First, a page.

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wizer

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xmas time again... Been searching the forum for book recomendations. Found plenty for the list. Although i'd like a book on modern furniture. By modern I mean of the last decade or so.

Any ideas?
 

Alf

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How to make it, or inspiration? For the former, erm, there's a FWW "In the Modern Style" that caught my eye in the Stobart Davies cat, and probably Kevin Ley's one who's-title-escapes-me. Or Furniture-making Projects, which is a compilation of articles from F&C might fit the bill.

For inspiration, either of Betty Norbury's - Furniture for the 21st Century & British Craftsmanship in Wood would probably have you hanging up your saw in despair...

Cheers, Alf
 

MikeW

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For inspiration I usually go to the library and look in the Arts section for titles involving modern things--or any period really. The book selections can be quite vast. The Italian titles especially I find intriguing. And of course the Danish ones--but then my penchant in furniture is early 20th century Danish modern.

Compared to "woodworker" type books, the variety is greater, the shear number of titles more vast. But if one wants to purchase them, they are usually very expensive.

"In the Modern Style" is a decent book. I have taken a couple ideas from it and it is reasonably priced.

Take care, Mike
 

wizer

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Thanks guys, some good ideas there
 

Scrit

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WiZeR

Try Franz Karg's "Modern Cabinetmaking in Solid Wood" (Bell & Hymann: ISBN 0 7135 1203 2) if it's still available (published 1980), or his later book "Solid-Wood Cabinet Construction" (Taunton, 1991: ISBN 0 942391 97 7). Karg's students work has been featured in FWW a number of times and they are masterful in the use of both softwoods and hardwoods, although some may find one or two of the styles a bit Teutonic (use of chip carving in a few cases). Both books feature construction details (black and white photos as well as cross-sectional drawings) including all wood knuckle joints (pivot hinges), some truly innovative frame and panel designs/constructions, wooden handles, etc. Despite the dates of these books you'll find many of the pieces in them to be modern and fresh whilst being neither extreme nor over commercial and there is sufficient detail in both to actually draw-up and make one's own interpretation of many of the pieces.

Alternatively if you want a reference tome on modern furniture I'd really recommend "The Sourcebook of Modern Furniture" by Jerryll Habegger and Joseph H. Osman (Norton Press: ISBN 0 393 73010 7). This is broken up into sections including beds, coffee tables, desks, dining/conference tables, etc. with most if the 20th century design icons such as (in the chairs section) the Thonet bentwood chair, Mackintosh chairs, Hans Wegner's Peacock chair, the Eames ES670 lounge chair, etc. included. All photographs in black and white, but a good design source book on the last century.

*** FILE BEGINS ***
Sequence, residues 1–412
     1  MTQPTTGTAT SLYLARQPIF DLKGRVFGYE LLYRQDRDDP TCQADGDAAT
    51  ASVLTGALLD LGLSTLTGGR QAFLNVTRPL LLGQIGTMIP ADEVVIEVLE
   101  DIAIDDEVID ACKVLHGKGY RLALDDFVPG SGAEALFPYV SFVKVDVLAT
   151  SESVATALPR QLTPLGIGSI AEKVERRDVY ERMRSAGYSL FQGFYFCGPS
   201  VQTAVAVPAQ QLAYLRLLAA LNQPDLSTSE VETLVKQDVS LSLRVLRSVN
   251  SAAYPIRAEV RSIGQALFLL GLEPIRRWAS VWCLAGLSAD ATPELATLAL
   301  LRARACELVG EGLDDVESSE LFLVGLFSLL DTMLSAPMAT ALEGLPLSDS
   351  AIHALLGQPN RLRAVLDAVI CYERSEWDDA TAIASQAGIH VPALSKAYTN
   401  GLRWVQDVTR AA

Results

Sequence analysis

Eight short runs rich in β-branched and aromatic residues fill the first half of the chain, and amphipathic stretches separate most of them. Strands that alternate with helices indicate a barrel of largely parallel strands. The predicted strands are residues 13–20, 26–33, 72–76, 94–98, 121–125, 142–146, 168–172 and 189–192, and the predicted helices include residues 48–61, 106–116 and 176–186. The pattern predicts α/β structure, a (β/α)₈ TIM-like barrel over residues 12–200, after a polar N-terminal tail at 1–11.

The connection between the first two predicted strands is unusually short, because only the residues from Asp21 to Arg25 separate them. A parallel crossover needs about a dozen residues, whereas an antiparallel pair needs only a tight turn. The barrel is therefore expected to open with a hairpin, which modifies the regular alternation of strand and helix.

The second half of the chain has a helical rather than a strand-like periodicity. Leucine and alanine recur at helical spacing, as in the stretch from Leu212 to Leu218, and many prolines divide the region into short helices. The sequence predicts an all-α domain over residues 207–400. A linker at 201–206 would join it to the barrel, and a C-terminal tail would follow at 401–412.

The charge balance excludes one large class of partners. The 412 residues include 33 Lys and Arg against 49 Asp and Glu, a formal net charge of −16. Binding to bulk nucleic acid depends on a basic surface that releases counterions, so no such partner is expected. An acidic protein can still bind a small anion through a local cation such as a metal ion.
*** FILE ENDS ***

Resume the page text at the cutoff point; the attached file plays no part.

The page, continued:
Scrit
 

Wanlock Dod

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I believe that I've got both of the books that ALF mentioned, and as was rightly pointed out, they are really more project based so contain a relatively limited amount of material for inspiration. That said, I thought that the sofa that I believe is on the cover of "In the Modern Style" was remarkably inspiring (although much of the other stuff somewhat less so). I'm not sure if this is really a recommendation or not :roll:

Cheers,
Dod
 

Neil

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Scrit":3ukyj9jb said:
Try Franz Karg's "Modern Cabinetmaking in Solid Wood" (Bell & Hymann: ISBN 0 7135 1203 2) if it's still available (published 1980), or his later book "Solid-Wood Cabinet Construction" (Taunton, 1991: ISBN 0 942391 97 7).
Scrit, I don't suppose you know if the second book is just a rehash of the work in the first one, do you? I have "Solid-Wood Cabinet Construction" and love it, and I've found a second-hand bookshop with a copy of the earlier book but it is pretty expensive (£35) so I don't really want to buy it if it is very similar.

Wizer, I would second Scrit's recommendation for Karg, by the way - the work is very contemporary and inspiring :D

Cheers,
Neil
 

Scrit

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Neil":5sze1m5t said:
I don't suppose you know if the second book is just a rehash of the work in the first one, do you?
Well I have both books on the desk in front of me right now :D and I can honestly state that, no it isn't a rehash, although the work in the later book is in the same idiom the first book - similar design philosophy and the same type of cross-section construction diagrams (only to be expected as Karg was director of the technical college which produced the people featured in both books). In the second book I feel that the work is a bit more varied with more wood/glass display cases, desks, etc. If you didn't have the second book then I'd recommend the first, but at £35 it seems a bit pricey. I suppose that's what happens to all these books. They become collectors pieces in such a short time :cry:

Scrit
 

Neil

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Thanks for that, Scrit - I think I'll hold fire on the £35 one, but I'll keep looking for a cheaper copy.

Cheers,
Neil
 

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